June 17, 2010

Portsmouth Institute Conference on Newman: Dr. Kreeft

Justin Katz

The third lecture of this year's Portsmouth Institute conference, on Newman and the Intellectual Tradition, was an overview of Cardinal John Henry Newman's famous poem, "The Dream of Gerontius," by Boston College Philosophy Professor Peter Kreeft, with Portsmouth Abbey Chaplin Dom Julian Stead introducing the speaker:

(The remainder of Dr. Kreeft's speech is available in the extended entry of this post.)

The poem — and the speech — is an artistic exploration of the notion of Purgatory. Indeed, during the Q&A of Prof. Paul Griffiths' presentation an audience member related the anecdote of having successfully used the poem to persuade a fellow Christian of Purgatory's reality. One thread of that topic that Dr. Kreeft drew out for consideration was the existence of demons, suggesting that (in general) there are two "recipes for failure" against an opponent: denying your enemy's existence and/or underestimating him, and overestimating him and thinking him insurmountable.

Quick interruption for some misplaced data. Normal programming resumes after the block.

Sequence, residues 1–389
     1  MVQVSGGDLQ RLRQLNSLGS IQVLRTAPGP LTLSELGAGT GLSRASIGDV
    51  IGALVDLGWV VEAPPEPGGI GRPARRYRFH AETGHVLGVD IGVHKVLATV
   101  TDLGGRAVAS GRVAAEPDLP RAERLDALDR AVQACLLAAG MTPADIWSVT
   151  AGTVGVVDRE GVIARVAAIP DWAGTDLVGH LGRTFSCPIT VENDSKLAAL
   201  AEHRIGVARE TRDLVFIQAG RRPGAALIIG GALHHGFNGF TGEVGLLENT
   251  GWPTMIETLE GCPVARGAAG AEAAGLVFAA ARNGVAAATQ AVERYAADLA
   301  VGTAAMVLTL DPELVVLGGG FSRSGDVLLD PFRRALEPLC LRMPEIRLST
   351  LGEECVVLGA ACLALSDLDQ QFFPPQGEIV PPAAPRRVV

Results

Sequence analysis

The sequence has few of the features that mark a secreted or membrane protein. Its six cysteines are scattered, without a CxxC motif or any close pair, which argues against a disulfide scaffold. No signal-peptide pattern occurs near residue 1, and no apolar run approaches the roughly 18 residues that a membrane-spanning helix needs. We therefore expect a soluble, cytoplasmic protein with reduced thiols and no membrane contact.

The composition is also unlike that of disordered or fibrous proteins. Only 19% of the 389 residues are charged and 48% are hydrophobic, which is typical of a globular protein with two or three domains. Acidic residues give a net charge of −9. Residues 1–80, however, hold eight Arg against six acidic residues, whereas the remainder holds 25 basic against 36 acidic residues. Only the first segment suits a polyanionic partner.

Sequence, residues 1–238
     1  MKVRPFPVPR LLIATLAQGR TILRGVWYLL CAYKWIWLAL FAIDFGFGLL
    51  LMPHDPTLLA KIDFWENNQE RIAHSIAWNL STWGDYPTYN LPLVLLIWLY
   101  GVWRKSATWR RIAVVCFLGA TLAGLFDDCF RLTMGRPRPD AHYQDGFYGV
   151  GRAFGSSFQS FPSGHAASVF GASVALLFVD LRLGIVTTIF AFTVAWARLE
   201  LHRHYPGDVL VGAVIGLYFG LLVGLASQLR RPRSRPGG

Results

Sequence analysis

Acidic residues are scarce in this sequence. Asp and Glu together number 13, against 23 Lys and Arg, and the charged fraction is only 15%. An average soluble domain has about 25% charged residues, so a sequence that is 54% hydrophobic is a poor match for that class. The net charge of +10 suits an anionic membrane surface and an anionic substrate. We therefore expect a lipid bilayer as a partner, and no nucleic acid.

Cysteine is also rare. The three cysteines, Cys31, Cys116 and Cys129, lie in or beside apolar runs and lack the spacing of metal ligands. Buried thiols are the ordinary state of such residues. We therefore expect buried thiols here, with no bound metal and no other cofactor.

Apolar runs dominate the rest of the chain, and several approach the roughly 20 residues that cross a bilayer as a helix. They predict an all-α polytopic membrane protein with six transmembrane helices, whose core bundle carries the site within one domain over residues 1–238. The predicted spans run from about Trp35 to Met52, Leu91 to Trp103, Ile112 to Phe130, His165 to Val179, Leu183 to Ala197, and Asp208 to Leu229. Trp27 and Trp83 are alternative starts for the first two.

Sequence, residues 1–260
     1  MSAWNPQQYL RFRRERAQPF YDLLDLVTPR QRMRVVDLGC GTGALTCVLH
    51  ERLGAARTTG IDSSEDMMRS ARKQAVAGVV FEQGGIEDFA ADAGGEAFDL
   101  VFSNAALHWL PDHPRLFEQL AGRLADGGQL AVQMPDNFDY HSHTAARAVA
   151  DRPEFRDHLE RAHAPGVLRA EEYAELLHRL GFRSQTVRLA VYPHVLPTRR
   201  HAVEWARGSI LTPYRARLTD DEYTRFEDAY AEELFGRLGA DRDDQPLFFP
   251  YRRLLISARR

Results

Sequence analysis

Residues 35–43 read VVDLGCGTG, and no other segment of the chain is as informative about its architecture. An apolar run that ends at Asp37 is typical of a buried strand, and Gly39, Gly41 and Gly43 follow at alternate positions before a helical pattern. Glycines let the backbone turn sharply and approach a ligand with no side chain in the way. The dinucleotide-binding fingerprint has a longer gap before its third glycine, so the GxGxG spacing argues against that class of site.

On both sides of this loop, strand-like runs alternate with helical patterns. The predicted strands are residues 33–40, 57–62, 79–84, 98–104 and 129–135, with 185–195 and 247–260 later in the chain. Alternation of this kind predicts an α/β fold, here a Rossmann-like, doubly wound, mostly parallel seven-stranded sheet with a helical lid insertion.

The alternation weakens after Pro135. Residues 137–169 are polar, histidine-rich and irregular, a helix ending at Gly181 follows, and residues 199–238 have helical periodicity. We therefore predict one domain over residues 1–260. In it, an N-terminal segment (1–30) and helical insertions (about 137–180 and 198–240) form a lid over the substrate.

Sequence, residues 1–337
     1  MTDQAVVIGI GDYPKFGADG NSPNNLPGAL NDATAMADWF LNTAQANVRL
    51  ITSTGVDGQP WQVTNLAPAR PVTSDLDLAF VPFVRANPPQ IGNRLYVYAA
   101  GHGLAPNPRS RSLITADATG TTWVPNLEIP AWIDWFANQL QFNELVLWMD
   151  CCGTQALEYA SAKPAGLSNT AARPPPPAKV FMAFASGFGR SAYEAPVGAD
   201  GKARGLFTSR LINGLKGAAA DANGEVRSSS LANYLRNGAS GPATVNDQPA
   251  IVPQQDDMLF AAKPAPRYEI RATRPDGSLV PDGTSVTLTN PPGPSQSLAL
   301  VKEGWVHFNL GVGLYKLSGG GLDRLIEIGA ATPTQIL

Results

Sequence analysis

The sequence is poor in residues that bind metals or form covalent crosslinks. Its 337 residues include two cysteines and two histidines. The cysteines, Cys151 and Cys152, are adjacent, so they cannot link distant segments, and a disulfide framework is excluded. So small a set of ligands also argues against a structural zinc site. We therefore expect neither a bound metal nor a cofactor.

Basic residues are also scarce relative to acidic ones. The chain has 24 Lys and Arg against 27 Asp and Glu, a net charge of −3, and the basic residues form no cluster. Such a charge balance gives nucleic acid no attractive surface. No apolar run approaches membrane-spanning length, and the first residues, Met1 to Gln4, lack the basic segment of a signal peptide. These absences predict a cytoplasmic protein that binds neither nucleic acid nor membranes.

The second error set my thoughts in motion when Kreeft suggested that just the sight of demons is "real despair," drawing a distinction between them and cinematic monsters, however visually scary they may be. It is the stench of insurmountability. The fear isn't fright, but a feeling of ultimate hopelessness.

Here, we come again to an area in which it becomes difficult for believers and non-believers to communicate, because on spiritual matters, we inevitably use physical representations in describing immaterial things, and non-believers take their lack of tangible experience with corporeal beings as evidence that "immaterial" means "non-existent." It's difficult to conceive of volitive creatures not as monsters, but as abstract emotions like (say) depression. But we lose a dimension of reality, I think, a fruitful way of considering the world around us, when we systematize everything as mechanical and without intention.